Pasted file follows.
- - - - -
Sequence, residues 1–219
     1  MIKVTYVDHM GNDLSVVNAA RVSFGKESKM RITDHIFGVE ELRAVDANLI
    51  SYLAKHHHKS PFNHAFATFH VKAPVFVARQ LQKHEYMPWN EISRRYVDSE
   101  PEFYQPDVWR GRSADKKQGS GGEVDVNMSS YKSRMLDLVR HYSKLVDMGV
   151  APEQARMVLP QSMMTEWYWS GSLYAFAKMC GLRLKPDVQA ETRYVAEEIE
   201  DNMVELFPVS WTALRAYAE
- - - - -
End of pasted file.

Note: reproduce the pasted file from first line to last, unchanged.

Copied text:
Sequence, residues 1–219
     1  MIKVTYVDHM GNDLSVVNAA RVSFGKESKM RITDHIFGVE ELRAVDANLI
    51  SYLAKHHHKS PFNHAFATFH VKAPVFVARQ LQKHEYMPWN EISRRYVDSE
   101  PEFYQPDVWR GRSADKKQGS GGEVDVNMSS YKSRMLDLVR HYSKLVDMGV
   151  APEQARMVLP QSMMTEWYWS GSLYAFAKMC GLRLKPDVQA ETRYVAEEIE
   201  DNMVELFPVS WTALRAYAE